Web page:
Tag: This Day in Labor History

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On August 29, 1933, the National Miners Union shut down mines in Gallup, New Mexico. This labor action, which in many ways pitted Mexican miners against Navajo miners, demonstrates the racial complexity of American labor history and how different cultural practices around politics and work can have a significant impact on the success of a […]
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On July 31, 1905, Matumbi tribesman in German East Africa (today, mostly Tanzania, or Tanganyika as it was known then) marched on the trading post of Samanga, burning cotton fields and the trading post itself. This was the beginning of the Maji-Maji Rebellion, one of the most important moments of resistance to the European colonization […]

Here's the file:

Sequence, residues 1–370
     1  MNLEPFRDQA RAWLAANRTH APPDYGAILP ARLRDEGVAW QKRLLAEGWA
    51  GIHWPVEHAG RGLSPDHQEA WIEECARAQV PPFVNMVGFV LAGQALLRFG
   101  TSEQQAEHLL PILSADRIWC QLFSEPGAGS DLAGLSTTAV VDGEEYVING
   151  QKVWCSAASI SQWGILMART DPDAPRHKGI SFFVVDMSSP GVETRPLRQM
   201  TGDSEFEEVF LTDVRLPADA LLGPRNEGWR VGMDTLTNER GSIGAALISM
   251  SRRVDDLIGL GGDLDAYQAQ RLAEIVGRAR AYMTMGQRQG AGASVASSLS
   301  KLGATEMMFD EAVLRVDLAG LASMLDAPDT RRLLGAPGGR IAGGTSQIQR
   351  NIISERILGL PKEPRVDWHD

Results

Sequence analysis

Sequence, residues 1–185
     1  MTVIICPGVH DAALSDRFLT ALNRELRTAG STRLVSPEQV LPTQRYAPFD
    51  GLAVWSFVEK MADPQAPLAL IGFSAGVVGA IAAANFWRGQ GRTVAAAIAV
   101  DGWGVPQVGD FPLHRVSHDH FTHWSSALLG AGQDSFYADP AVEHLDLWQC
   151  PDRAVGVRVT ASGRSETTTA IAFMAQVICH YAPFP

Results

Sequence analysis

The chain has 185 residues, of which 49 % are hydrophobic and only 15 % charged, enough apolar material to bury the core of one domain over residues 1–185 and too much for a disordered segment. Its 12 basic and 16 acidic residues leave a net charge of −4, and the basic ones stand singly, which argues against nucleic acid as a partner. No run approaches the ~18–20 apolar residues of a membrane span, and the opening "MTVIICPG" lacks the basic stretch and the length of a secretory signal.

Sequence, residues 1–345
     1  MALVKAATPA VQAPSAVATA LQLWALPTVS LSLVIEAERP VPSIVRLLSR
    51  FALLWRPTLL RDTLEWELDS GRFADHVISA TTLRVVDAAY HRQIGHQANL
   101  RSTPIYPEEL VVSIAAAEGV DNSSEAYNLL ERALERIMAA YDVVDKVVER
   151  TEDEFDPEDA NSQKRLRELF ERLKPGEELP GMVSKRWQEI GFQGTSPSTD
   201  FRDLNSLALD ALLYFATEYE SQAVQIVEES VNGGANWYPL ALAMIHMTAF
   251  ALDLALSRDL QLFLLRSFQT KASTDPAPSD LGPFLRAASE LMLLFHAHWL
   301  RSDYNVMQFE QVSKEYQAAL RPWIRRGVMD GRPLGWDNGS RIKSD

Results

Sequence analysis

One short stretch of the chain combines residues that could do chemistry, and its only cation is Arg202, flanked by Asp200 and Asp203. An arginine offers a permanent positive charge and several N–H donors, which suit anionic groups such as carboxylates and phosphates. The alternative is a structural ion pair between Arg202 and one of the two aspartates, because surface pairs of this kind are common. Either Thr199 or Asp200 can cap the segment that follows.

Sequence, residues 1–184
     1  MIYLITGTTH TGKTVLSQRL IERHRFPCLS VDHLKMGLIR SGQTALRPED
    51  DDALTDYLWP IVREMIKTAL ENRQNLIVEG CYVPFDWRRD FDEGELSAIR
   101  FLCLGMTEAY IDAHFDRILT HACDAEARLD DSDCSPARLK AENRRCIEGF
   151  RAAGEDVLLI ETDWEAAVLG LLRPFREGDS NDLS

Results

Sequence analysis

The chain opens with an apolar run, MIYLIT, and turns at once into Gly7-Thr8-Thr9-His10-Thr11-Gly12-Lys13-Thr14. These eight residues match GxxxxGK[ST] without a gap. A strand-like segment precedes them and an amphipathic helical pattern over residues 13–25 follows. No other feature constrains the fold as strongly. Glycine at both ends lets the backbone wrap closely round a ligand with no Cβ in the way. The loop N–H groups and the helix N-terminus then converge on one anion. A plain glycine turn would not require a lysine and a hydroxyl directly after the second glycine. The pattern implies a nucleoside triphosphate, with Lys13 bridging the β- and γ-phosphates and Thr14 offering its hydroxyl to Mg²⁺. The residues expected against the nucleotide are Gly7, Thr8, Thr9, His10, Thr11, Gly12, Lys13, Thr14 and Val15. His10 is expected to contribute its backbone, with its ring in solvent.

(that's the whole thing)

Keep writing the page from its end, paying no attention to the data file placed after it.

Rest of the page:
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On July 9. 1640, a Virginia court ruled that a Black indentured servant who ran away was in fact a slave. This is a moment by which we can talk about the codification of chattel slavery as the key labor force in early Virginia, with implications that still dominate the nation’s culture nearly 400 years […]
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On June 22, 1944, President Franklin Delano Roosevelt signed the Servicemen’s Readjustment Act, better known as the G.I. Bill, was signed into law. This landmark bill both played a massive role in improving the lives of the white working class and also strongly reflected the racial bias at the heart of the United States, deepening […]
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